Learning points

For accountants with clients who own commercial property held prior to April 2014. These clients can still carry out an embedded capital allowance review and claim their entitlement to capital allowances to offset against trading or rental profits.

For the owners of commercial property who are about to sell, or transfer the property into a pension fund, it is vital that a capital allowance review is carried out pre-sale in order to maximise the relief whether passed on to the buyer or retained by the seller. It is also vitally important that the legal documentation and any CAA 2001 s198 election are entered into by the seller and buyer reflects this.

Replies (4)

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Steven Bone
By Steven Bone
16th Feb 2019 08:42

I have long considered that the FTT’s analysis is the correct legal one. It is an interesting decision, but neverthelesss only persuasive. Regrettably, experience has shown that HMRC tends to ignore aspects of non-binding FTT decisions that it does not like.

The UT will soon be hearing a number of appeals relating to recent FTT capital allowances decisions. It will be interesting to see whether Glais House Care is added to this list. I suspect not, as the issue of symmetry has already been addressed by FA 2012.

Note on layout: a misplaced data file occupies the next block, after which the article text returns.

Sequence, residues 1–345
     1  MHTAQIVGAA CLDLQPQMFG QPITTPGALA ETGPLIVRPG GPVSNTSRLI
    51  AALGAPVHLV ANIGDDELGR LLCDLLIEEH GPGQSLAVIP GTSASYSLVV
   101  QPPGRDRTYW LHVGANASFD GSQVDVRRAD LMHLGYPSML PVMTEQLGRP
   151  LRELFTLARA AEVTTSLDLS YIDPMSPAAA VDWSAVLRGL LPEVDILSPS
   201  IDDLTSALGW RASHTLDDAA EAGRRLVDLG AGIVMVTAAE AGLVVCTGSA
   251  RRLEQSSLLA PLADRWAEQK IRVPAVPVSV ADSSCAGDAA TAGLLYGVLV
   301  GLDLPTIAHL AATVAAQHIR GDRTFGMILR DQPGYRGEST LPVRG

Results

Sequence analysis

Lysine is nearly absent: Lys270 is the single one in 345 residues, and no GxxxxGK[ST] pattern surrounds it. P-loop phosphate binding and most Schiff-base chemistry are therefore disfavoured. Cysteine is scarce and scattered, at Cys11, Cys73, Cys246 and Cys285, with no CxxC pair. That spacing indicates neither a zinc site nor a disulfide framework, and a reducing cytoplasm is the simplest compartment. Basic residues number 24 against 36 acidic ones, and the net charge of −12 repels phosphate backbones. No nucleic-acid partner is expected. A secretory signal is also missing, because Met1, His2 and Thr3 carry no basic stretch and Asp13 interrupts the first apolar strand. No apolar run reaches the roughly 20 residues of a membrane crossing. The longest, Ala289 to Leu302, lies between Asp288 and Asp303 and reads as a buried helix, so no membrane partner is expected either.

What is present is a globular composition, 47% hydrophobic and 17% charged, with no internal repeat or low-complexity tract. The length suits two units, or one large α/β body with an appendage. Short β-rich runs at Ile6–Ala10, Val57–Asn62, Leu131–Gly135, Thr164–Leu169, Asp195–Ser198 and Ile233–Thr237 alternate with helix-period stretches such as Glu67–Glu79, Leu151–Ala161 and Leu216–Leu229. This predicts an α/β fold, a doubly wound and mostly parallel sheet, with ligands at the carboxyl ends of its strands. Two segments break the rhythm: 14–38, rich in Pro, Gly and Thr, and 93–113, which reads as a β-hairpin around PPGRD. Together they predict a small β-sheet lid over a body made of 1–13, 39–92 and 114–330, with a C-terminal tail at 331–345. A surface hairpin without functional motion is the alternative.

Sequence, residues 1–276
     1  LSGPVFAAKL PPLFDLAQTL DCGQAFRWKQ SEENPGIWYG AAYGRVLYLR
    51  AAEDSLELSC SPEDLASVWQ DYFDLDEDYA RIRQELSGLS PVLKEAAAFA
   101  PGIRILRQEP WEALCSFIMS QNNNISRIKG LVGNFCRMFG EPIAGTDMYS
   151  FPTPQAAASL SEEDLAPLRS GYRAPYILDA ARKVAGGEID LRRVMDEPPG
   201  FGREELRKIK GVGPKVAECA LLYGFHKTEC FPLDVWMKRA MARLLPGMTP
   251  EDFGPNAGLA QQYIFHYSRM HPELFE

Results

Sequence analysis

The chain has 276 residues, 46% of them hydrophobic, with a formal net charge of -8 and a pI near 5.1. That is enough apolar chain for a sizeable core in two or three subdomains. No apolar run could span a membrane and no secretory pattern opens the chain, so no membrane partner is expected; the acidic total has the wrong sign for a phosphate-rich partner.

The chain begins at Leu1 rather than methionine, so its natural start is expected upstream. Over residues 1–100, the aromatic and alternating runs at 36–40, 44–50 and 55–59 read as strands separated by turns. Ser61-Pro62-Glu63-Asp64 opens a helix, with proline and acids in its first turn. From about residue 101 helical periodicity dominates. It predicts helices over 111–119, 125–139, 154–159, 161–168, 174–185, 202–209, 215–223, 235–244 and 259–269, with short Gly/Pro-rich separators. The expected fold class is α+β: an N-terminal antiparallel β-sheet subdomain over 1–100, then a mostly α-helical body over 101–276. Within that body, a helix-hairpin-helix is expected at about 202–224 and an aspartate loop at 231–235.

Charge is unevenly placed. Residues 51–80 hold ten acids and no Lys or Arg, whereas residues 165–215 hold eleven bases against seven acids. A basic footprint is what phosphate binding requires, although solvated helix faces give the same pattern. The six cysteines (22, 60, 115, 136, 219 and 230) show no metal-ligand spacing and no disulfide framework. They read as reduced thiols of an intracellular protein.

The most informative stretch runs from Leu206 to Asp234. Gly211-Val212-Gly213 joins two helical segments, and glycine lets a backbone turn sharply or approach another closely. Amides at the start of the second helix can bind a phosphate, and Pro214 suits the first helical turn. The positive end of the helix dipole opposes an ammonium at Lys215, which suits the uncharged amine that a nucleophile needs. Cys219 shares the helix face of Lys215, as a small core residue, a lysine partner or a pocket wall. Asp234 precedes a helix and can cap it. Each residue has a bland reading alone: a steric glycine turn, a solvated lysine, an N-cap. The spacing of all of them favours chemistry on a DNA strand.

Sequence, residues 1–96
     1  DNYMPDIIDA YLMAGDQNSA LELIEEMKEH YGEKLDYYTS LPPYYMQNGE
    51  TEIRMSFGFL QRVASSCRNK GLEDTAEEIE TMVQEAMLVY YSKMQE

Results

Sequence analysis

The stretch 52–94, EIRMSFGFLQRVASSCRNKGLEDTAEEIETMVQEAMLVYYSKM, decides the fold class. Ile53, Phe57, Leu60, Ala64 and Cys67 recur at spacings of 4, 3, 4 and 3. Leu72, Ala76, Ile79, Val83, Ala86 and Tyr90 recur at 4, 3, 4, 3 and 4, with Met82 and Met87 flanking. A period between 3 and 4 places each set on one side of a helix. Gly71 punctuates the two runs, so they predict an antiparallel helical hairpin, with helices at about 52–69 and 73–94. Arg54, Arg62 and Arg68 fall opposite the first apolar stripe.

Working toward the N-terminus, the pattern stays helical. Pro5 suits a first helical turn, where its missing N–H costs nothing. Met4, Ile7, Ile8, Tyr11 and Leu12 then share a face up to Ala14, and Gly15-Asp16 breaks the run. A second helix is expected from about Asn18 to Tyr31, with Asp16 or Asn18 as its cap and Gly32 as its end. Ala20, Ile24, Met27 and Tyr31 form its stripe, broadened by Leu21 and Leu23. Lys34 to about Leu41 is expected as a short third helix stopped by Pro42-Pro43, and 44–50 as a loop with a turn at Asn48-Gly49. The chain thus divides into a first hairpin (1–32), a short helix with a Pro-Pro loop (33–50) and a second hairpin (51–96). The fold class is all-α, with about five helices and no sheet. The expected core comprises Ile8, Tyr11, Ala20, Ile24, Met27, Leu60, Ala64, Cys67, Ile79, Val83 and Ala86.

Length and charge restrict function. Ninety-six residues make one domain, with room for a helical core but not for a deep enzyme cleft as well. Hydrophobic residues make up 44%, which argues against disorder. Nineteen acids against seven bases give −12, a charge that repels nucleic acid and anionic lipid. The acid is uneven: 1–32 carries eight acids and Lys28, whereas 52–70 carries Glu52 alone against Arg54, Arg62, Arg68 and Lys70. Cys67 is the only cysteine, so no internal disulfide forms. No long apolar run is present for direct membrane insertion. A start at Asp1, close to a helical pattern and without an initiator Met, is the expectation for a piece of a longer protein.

One important point not mentioned in the article relates to moveable equipment (chattels). The FTT was not asked to rule on the capital allowances treatment of chattels, but ventured an opinion anyway (without submissions from Counsel) and got it completely wrong. There is no legal basis to restrict a buyer’s claim to a seller’s qualifying expenditure. A buyer’s claim for chattels is simply based on what it pays to buy the loose equipment (as long as that amount is fair and reasonable).

Incidentally, the shorthand of ‘embedded’ plant or machinery/ capital allowances, has no statutory or other official meaning. It was made up to sell capital allowances projects and is unecessary and ambiguous.

Thanks (1)
By Trethi Teg
16th Feb 2019 12:16

If an individual sought to procure moneys by knowingly distorting the truth or ingoring what it new to be the true position they would be banged up for fraud. Does this not apply to the HMTRC officer who sought to do the same?

Not only do they not get punished but they get a fat indexed linked pension for doing this sort of thing.

Thanks (1)
Replying to Trethi Teg:
By Piltdown Man
08th Mar 2019 17:45

HMRC trying to limit the claim to £1 when that is not what the law says, was wrong.
Taxpayer seeking to ignore the seller's cost restriction was wrong.
Neither the taxpayer or HMRC come out of this one smelling of roses.

Thanks (1)
By Piltdown Man
08th Mar 2019 13:28

"HMRC applied The wrong version of the Law"?? really? Seems to me that the taxpayer chose not to understand the law that applied, and then selectively applied its own version because the result was likely to be better! This case highlights perfectly why HMRC introduced CAA 2001 s187A and if fewer advisers had prepared claims without proper reference to the applicable law, s187A might never have been necessary.